ATLANTA — The state ethics commission has settled for more than $1.8 million with three former employees alleging retaliation related to an investigation of Gov. Nathan Deal, bringing an end to what could have been a protracted court battle in a major election year.
The ethics commission has been mired in staffing issues, lawsuits and allegations of outside influence for more than a year. Deal, who is seeking re-election, has repeatedly denied any involvement with commission business and sought to distance himself from the controversy.
Meanwhile, it remains unclear whether federal investigators remain interested in the ethics complaints against Deal, which involved his 2010 campaign finance reports and personal financial disclosures. Late last year, federal prosecutors issued subpoenas for commission documents related to the Deal complaints but officials with the U.S. attorney's office have continued to decline to comment.
Commission Chairman Kevin Abernethy said Friday the commission decided to settle with the three former employees, two of whom had filed lawsuits while a third was expected to do so. The decision follows a jury verdict in April awarding $700,000 plus attorneys' fees to the commission's former executive secretary, Stacey Kalberman, who had argued in court that her pay was slashed and her deputy's position eliminated as they were preparing subpoenas in the Deal case.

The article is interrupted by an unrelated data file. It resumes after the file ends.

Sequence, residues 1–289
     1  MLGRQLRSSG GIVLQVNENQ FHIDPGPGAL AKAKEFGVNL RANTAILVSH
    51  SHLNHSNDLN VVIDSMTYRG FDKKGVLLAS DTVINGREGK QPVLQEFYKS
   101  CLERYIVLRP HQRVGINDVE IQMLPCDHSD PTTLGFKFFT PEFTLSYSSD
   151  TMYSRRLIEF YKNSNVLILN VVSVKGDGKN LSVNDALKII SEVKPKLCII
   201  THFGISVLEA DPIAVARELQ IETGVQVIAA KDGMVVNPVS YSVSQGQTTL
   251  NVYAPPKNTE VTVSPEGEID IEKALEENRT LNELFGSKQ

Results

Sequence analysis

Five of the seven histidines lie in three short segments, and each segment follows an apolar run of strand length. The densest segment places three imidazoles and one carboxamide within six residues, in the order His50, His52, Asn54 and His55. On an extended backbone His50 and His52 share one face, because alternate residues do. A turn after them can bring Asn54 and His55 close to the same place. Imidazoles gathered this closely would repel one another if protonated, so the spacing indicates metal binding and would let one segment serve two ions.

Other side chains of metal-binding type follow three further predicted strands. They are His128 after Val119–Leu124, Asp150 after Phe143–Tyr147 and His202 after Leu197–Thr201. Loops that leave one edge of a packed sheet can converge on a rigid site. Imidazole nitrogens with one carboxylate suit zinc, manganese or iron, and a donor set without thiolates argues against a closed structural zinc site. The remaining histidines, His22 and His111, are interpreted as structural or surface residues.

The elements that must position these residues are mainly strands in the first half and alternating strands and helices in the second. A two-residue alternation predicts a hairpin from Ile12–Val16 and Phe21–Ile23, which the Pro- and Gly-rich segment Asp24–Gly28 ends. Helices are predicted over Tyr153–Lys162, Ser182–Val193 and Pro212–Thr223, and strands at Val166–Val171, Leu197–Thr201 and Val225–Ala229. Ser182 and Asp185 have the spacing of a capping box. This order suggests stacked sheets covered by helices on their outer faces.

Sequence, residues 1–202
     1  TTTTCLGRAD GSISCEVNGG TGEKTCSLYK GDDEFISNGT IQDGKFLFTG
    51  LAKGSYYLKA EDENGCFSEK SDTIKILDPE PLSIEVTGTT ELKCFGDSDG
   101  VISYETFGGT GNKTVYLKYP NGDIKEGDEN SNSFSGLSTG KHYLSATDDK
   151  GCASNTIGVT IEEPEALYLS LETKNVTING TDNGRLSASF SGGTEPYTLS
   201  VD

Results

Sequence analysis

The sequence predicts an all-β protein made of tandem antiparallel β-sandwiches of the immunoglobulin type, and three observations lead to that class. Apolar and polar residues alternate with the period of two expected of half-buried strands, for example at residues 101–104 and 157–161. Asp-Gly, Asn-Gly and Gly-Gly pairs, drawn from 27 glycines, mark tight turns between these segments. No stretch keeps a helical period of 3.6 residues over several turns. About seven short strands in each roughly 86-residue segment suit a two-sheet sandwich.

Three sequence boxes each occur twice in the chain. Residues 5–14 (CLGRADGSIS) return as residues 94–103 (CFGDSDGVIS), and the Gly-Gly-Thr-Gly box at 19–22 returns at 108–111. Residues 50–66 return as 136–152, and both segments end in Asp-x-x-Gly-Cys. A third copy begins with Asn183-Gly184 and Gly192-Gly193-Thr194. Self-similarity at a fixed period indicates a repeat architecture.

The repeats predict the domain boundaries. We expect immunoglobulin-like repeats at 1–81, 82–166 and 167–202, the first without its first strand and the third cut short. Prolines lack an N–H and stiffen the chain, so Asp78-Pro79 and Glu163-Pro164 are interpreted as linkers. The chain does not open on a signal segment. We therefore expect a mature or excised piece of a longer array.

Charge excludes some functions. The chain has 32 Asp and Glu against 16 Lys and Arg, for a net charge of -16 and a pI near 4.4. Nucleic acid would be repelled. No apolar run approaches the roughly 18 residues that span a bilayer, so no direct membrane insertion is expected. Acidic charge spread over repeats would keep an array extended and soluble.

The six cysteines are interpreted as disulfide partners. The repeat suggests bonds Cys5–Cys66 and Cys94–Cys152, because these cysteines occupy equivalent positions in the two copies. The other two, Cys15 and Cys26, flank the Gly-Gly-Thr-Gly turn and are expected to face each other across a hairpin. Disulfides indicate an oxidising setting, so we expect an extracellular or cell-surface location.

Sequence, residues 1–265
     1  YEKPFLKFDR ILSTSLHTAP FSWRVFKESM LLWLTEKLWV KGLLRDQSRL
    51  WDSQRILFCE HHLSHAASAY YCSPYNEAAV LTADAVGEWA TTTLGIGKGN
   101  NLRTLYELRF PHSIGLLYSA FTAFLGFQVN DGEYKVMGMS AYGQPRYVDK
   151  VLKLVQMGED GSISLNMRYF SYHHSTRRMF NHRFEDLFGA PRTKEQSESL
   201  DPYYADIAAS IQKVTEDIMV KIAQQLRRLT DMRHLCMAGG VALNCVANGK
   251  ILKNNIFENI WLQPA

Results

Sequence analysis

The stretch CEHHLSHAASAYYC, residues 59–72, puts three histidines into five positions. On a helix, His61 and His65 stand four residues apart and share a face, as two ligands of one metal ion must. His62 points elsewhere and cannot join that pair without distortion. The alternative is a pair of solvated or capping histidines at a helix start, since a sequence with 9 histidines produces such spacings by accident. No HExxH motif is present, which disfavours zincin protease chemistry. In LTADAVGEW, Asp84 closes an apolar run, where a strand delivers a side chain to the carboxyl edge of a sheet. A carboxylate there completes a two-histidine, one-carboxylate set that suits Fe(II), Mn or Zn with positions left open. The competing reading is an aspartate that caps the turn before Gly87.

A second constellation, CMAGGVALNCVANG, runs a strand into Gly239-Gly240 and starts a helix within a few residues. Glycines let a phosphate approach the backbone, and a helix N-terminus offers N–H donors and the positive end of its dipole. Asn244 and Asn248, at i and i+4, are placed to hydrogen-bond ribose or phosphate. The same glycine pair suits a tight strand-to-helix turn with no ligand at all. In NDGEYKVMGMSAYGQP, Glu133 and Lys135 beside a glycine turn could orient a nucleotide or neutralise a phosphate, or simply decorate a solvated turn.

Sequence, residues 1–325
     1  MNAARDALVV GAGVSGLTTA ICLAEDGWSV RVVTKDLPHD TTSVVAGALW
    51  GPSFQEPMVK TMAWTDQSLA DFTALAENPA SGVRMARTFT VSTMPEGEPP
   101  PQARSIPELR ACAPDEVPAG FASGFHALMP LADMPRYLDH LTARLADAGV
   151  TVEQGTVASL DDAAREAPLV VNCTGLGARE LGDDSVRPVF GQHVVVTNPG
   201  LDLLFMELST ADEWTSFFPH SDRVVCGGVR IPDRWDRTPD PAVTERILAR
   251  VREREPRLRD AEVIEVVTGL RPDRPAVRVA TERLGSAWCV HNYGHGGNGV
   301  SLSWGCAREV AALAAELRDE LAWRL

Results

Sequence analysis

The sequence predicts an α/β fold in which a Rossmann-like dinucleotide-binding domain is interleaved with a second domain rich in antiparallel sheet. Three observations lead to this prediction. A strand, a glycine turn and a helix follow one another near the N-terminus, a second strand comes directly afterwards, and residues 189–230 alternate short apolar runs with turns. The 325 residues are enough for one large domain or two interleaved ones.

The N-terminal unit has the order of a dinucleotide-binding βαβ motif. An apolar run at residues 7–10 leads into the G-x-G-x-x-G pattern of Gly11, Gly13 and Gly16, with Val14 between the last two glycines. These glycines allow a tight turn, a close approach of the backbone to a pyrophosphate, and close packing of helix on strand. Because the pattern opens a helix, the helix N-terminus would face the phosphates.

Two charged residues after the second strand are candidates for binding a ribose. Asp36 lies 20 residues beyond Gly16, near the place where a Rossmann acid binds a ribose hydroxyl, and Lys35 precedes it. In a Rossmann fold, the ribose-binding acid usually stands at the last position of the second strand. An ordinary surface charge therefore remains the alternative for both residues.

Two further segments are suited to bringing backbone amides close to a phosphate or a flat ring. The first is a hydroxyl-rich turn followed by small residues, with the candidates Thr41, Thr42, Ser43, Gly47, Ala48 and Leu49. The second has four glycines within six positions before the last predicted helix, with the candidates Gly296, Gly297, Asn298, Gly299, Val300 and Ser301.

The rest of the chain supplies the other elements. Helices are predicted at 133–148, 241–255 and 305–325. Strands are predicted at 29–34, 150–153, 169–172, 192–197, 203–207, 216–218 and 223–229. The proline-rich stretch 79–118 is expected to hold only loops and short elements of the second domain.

"We are pleased to put these matters behind us and look forward to proceeding in a positive direction with the work of the commission," Abernethy told The Associated Press.
Under the terms, the commission's former deputy, Sherry Streicker, will receive $1 million, former IT specialist John Hair will receive $410,000 and former staff attorney Elisabeth Murray-Obertein will receive $477,500, according to Lauren Kane with the Attorney General's Office, which represented the commission in the lawsuits.
The commission has denied any wrongdoing, and Deal has said he was not involved in any of the commission's decisions or actions. Deal's spokesman Brian Robinson said Friday's announcement underscores the governor's call for reforming the commission.